While, the Ontario Construction Lien Act contains a curative provision at section 6, it does not apply to pleadings and is not so broad as to convert a Statement of Claim that does not seek to obtain or enforce a construction lien into one that does.  Similarly, this wasn’t a case where there was some poorly drafted paragraphs but it was still, in substance, a claim to enforce a construction lien as required by the Construction Lien Act such that a Rule 26 amendment could improve the pleading or fix some minor flaws.  Rather, it was an action that did not plead material facts to support a finding of a lien or claim a lien as a remedy and so the Plaintiff, in my view, had not perfected its lien as required by section 36 of the Construction Lien Act and the lien should have been discharged and the security returned to the owner.

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Ontario Court of Appeal finds that the decisions of Tarion’s inspectors are “judicial decisions”

The Ontario Court of Appeal  released  Metropolitan Toronto Condominium Corporation No. 1352 v. Newport Beach Development Inc. earlier this week.  It’s an interesting case and may actually provide some useful jurisprudence in litigation involving defects and claims under the Ontario New Home Warranties Plan Act (ONHWPA).

The facts are nicely summarized at the outset of the Decision as follows:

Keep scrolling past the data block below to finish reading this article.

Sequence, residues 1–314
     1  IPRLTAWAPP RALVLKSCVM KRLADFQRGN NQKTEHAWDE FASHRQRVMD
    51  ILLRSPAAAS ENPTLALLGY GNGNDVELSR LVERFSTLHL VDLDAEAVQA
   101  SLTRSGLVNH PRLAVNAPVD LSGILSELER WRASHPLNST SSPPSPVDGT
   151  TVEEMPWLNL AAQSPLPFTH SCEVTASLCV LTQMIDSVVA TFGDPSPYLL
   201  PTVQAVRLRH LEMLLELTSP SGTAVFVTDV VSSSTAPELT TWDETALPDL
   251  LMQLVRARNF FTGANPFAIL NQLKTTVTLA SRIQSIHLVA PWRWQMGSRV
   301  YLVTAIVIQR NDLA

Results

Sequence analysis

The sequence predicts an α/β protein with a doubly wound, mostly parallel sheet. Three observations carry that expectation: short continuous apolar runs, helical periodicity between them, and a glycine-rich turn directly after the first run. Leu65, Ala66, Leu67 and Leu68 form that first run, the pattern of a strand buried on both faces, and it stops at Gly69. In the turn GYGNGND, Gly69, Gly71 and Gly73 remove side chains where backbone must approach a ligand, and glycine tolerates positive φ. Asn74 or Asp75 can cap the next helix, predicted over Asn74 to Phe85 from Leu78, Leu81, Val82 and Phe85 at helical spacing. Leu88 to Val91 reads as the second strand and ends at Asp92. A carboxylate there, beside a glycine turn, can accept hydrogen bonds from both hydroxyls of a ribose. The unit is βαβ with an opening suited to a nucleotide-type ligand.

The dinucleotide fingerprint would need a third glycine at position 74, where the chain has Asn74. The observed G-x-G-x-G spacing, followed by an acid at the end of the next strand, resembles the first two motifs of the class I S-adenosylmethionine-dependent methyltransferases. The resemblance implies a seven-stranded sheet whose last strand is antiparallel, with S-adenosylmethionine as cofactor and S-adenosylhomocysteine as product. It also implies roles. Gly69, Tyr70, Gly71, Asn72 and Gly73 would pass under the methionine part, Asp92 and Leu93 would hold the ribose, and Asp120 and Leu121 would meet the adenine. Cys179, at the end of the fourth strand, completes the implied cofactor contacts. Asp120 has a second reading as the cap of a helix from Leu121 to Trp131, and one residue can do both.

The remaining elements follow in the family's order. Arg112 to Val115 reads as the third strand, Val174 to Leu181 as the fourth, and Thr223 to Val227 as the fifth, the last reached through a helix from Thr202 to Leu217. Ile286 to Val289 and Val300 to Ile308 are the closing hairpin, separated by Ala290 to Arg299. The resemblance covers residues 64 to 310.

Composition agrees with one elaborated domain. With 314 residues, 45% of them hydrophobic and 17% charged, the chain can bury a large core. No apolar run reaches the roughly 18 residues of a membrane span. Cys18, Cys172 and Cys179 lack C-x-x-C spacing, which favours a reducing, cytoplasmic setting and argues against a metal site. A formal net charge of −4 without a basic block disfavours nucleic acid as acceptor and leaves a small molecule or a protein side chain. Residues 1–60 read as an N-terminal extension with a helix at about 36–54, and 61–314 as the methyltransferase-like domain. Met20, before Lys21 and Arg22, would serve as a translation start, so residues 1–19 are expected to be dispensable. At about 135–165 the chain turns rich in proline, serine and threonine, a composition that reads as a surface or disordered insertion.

2] The respondent Metropolitan Toronto Condominium Corporation No. 1352 (“Metro 1352”) manages a luxury condominium project in Etobicoke near the shore of Lake Ontario. It alleges that the project has two major construction defects. It claims that the sanitary sewer system was not built properly, causing toilets in the condominium units to overflow and the units themselves to flood with sewage. It also claims that a systemic failure of the exterior cladding over the project, called the exterior insulated finish system (“EIFS”), has caused water penetration in the condominium units.

[3] Metro 1352 sought compensation for these two defects under the Ontario New Home Warranties Plan Act, R.S.O. 1990, c. 0.31 (the “Act”). The administrator of the Act, the respondent Tarion Warranty Corporation, denied compensation. Instead of appealing Tarion’s decisions to the Licence Appeal Tribunal, as it was entitled to do, Metro 1352 started this litigation. It has sued Newport, the vendor and declarant of the project; Canderel, a developer related to Newport; Spampinato, an officer of Canderel; Enersys Engineering Group Ltd. and Eric Pun, the engineers on the project; and Tarion. It has asserted causes of action for breach of statutory warranty, negligence, breach of fiduciary duty and breach of contract. The engineers have been noted in default. The other defendants have not delivered a statement of defence.